Containing contradictions : the development of prison drugs policy in England since 1980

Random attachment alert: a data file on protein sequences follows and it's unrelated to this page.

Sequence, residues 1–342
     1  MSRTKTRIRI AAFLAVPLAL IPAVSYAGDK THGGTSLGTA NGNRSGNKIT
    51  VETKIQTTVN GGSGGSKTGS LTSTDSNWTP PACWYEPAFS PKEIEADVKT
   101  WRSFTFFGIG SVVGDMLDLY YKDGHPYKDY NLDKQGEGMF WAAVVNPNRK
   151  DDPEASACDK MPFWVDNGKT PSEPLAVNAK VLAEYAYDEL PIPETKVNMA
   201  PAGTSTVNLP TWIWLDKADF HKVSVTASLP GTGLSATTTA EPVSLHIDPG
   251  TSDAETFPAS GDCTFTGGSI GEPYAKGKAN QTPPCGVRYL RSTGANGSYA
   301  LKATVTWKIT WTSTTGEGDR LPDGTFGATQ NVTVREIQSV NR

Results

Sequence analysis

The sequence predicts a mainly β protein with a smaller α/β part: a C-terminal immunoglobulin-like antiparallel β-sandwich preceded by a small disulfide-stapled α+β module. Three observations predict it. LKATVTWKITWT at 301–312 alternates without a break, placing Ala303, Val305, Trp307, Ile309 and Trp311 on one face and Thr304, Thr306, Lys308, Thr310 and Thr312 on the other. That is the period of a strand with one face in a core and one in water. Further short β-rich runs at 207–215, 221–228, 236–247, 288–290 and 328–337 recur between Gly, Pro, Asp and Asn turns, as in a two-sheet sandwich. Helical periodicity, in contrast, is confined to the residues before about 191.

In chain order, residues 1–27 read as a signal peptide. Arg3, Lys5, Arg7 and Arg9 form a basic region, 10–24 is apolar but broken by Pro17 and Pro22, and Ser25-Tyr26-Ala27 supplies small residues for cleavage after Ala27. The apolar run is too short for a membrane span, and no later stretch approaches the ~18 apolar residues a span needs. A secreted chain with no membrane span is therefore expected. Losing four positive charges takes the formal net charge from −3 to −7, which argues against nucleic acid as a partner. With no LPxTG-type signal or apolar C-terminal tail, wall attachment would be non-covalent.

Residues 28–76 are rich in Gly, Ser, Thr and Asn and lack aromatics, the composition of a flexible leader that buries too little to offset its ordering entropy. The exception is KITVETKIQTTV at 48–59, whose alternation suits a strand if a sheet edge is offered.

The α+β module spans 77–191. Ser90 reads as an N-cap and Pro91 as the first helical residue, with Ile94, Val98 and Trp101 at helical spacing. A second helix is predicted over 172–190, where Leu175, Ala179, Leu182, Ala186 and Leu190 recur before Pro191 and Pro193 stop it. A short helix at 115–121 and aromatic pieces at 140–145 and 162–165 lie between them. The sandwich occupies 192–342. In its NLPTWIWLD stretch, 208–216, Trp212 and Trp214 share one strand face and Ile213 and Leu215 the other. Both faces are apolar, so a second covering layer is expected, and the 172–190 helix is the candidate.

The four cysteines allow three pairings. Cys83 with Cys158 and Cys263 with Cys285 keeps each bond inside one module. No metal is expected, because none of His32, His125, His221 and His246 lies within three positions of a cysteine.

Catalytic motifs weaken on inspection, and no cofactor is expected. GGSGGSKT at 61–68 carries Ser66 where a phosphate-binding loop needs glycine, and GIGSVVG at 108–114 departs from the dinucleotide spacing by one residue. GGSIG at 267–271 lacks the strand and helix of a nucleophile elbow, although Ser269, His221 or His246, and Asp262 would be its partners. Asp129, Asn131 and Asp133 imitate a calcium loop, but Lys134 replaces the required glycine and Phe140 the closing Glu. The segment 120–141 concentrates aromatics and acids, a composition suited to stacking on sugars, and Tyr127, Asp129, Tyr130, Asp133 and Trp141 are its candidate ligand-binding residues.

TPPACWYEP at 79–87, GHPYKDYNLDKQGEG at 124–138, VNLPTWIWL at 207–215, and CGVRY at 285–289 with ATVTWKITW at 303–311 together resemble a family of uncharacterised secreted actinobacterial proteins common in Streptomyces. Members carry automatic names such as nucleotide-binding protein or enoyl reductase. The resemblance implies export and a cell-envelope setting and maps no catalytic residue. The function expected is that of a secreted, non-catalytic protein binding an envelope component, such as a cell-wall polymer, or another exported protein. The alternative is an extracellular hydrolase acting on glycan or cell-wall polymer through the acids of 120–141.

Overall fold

This thesis is a study of policy networks in the development of prison drugs policy in England during the late twentieth century. Drawing on semi-structured interviews with key actors in the policy process, including civil servants and representatives from drug agencies, penal reform groups and professional associations, and an analysis of documentary materials, it examines the role and influence of policy networks in policy development. The thesis is multi-disciplinary in its approach, drawing on concepts, theories and research from a variety of disciplines including criminology, social policy, sociology, political science and public administration. The analysis is based upon the construction of a series of four case studies which correspond to the key phases in prison drugs policy development since 1980: 1980-1986; 1986-1993; 1993-1997; and 1997-. It explores policy development around drug treatment and throughcare, HIV / AIDS and drug misuse, supply reduction activities and security and control measures. The development of policy has hinged upon complex patterns of conflict, contradiction and convergence between treatment and punishment. Throughout the phases, particular policy networks have evolved around drug-related issues within the penal system, expanding and becoming more complex in their structure and operation over time. They have attempted to contain, balance and negotiate the contradictions within policies. This 'balancing act' or 'containment' has taken many different forms and has been shaped by several processes or forces: the way in which the drug problem has been framed and defined; the role of research, evidence and knowledge; and the impact of wider social political policy and institutional contexts. The conclusions of the thesis are: first, as prison drugs policy became more explicit and defined, the contradiction between treatment and punishment became more acute; second, the shift towards a more explicit policy was shaped by the activities of the policy networks, which in turn were influenced by changes in the drug problem, the role of research, and changes within the wider social political policy and institutional contexts; third, the role and power of the policy networks has varied over the different phases of policy development; fourth, in the process of engaging in policy development and attempting to contain the contradictions between treatment and punishment, the policy network around drug issues in prisons has changed shape with key players becoming incorporated by the state.